1. Webbing, especially for vehicle occupant seat belts, safety harnesses and the like, including: at least one plane of longitudinally extending core yarn provided With a minimum of weave take-up or crimp, so as to be immediately available for holding protection in the event of longi tudinal tensile stress being placed on the Webbing; said core yarn having an elongation of about 13 percent at a tensile load of 2500 pounds and a breaking point of about 4700 pounds; and a woven cover of outside yarns covering said core yarn, said cover including Warp yarns woven with relatively high Weave take-up or crimp, about filler yarn; at least some of said Warp yarns passing over filler yarn on both sides of the plane of said core yarn for securing said cover about said plane of core yarn; said cover being constructed and arranged to elongate up to about percent and bear additional tensile stress after breakage of said core yarn.
2. The webbing of claim 1 wherein said cover has a breaking point of about 7400 pounds dynamic loading.
3. The webbing of claim 1 wherein the core yarn composed of at least one yarn constituent in the group consisting of polyester, nylon and glass fiber and the cover yarns are composed of at least one yarn constituent in the group consisting of nylon, polypropylene and cotton.
4. The webbing of claim 1 wherein the cover filler yarn is constructed of about 33 /2 picks of 3 ply (840/136/ Az- Z) 2 /28 nylon yarn; and wherein the cover warp is cons ructed of about 185 ends of 840/ 136/ /2Z nylon yarn on each side of the core yarn plane plus about 22 ends of 840/ 136/ /2Z nylon yarn passing over the filler yarn on both sides of said core yarn plane.
5. The webbing of claim 4 wherein the plane of core yarn is constructed of about 180 ends of 1l00/250 /RO2 polyethylene terephthalate yarn.
6. Manufacture of Webbing, especially for vehicle occupant safety belts, harnesses and the like comprising: providing textile core yarn having an elongation of about 13 percent at a tensile load of 2500 pounds and a breaking point of about 4700 pounds, forming said textile core yarn into at least one plane of longitudinally extending textile core yarn having little take-up or crimp; providing coextensively with said plane of longitudinally extending textile core yarn, a body of textile yarn having an elongation of up to about 10 percent, Woven with relatively great take-up or crimp; attaching said body of Woven textile yarn facewise to said plane of longitudinally extending textile core yarn at a plurality of spaced locations along the Width and length thereof, for movement therewith during preemergency, routine use of the Webbing, by weaving said body about and through said plane wherey said body covers and encases said plane and whereby upon incidence of a crash, the plane of longitudinally extending textile core yarn is immediately available to provide restraint during elongation thereof and said body of woven textile yarn becomes available for providing further restraint during elongation after breakage of the yarn in said plane of longitudinally extending textile core yarn.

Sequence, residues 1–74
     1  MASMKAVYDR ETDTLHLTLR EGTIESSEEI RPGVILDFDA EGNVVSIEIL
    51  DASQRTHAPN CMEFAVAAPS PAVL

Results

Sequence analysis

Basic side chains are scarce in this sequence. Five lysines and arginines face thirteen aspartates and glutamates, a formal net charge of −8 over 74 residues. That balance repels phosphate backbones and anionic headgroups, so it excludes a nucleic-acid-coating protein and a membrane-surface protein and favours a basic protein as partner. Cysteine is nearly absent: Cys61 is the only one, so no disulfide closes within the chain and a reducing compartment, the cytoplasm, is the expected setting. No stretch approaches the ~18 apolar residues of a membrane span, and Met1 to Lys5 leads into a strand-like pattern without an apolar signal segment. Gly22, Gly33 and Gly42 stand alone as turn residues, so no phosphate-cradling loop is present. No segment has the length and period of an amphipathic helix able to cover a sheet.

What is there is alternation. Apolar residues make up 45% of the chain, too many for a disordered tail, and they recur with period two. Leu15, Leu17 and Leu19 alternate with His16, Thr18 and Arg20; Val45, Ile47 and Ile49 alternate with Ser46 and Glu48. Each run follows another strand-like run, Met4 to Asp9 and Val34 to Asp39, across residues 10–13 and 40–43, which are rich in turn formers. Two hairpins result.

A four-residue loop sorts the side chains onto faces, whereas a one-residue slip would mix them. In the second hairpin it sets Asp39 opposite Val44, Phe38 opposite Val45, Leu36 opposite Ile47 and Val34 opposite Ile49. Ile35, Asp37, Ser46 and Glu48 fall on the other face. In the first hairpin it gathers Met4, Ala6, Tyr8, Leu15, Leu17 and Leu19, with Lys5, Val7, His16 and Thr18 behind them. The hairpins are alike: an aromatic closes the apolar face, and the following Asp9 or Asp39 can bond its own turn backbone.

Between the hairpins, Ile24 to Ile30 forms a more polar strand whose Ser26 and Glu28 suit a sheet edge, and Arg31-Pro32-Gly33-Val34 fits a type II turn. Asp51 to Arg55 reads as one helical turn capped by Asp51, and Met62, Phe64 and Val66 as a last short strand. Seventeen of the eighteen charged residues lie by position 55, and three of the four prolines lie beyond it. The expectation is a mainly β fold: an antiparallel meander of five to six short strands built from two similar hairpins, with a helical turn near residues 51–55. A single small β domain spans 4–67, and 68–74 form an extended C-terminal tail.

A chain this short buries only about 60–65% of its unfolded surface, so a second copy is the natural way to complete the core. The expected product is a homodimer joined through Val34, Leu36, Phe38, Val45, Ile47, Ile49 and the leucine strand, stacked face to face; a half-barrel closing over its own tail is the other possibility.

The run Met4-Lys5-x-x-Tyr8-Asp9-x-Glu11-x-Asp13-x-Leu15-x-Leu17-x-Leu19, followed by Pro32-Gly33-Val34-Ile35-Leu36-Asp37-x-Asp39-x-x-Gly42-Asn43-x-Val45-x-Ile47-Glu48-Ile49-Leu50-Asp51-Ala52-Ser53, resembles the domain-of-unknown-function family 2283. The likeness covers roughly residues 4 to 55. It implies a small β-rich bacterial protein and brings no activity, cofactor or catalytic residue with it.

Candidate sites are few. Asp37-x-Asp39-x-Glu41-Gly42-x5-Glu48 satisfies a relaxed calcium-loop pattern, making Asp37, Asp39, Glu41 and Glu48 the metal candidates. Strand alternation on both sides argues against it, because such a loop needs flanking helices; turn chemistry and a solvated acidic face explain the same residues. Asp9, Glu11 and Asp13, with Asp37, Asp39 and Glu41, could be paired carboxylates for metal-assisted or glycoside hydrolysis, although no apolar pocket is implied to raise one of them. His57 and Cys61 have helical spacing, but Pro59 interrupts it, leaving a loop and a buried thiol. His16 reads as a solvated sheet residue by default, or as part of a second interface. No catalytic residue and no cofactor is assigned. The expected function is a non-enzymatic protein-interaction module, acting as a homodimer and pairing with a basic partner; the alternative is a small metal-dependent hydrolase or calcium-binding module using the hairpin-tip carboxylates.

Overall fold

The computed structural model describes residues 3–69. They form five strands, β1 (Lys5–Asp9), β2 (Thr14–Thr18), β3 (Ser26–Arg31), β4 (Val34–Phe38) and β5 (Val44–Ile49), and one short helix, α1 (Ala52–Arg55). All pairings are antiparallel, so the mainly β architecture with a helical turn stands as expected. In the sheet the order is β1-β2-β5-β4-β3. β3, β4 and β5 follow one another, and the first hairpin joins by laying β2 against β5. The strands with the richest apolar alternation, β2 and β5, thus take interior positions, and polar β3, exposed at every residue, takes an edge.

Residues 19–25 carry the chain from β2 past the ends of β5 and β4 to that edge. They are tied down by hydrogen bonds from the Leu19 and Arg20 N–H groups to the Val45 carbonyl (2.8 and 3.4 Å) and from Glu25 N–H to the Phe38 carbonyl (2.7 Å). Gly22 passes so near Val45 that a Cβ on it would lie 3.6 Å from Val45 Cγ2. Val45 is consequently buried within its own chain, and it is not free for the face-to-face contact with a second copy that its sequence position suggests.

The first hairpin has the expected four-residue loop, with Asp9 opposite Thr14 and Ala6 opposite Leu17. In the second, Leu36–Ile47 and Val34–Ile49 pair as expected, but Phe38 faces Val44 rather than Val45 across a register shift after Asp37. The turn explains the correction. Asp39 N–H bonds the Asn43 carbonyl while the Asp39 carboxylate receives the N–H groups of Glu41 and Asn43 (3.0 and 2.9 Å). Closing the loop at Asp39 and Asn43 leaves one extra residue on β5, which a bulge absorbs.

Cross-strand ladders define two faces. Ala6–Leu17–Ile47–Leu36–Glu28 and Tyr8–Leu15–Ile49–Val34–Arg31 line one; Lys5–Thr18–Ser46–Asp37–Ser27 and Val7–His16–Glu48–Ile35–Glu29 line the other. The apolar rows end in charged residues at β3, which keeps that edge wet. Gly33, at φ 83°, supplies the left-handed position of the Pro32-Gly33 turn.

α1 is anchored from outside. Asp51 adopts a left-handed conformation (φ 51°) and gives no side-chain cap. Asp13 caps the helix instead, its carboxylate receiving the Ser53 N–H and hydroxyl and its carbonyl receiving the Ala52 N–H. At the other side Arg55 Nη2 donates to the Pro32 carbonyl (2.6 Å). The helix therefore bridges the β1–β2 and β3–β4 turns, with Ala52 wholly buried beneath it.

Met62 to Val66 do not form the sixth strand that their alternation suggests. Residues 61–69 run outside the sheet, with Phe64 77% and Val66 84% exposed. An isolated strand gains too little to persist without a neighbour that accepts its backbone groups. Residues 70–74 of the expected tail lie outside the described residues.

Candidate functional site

References Cited UNITED STATES PATENTS 2,794,450 6/1957 Gatzke 139-411 3,148,710 9/1964 Rieger et al. 139-415 3,296,062 1/1967 Truslow 139426 X 3,322,163 5/1967 Hughes 139-383 3,350,037 10/1967 Thompson et al.
FOREIGN PATENTS 5,020 1895 Great Britain.
OTHER REFERENCES Man-Made Textile Encyclopedia, Textile Book Publisher, Inc., I. J. Press Editor, 1959, pp. 324-327 relied on.
Federal Specification-Belt; seat passenger type, automotive JJ-B-A Jan. 19, 1960 (pp. 1-3); amendment July 1, 1966 (p. 1).
Dupont Textile Fibers Technical Information, Dacron Polyester Fiber Bulletin D-159, October 1962.
JAMES KEE CHI, Primary Examiner US. Cl. X.R. 139415, 426
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|U.S. Classification||139/383.00R, 139/426.00R, 139/415|
|Cooperative Classification||D03D2700/0118, D03D11/00|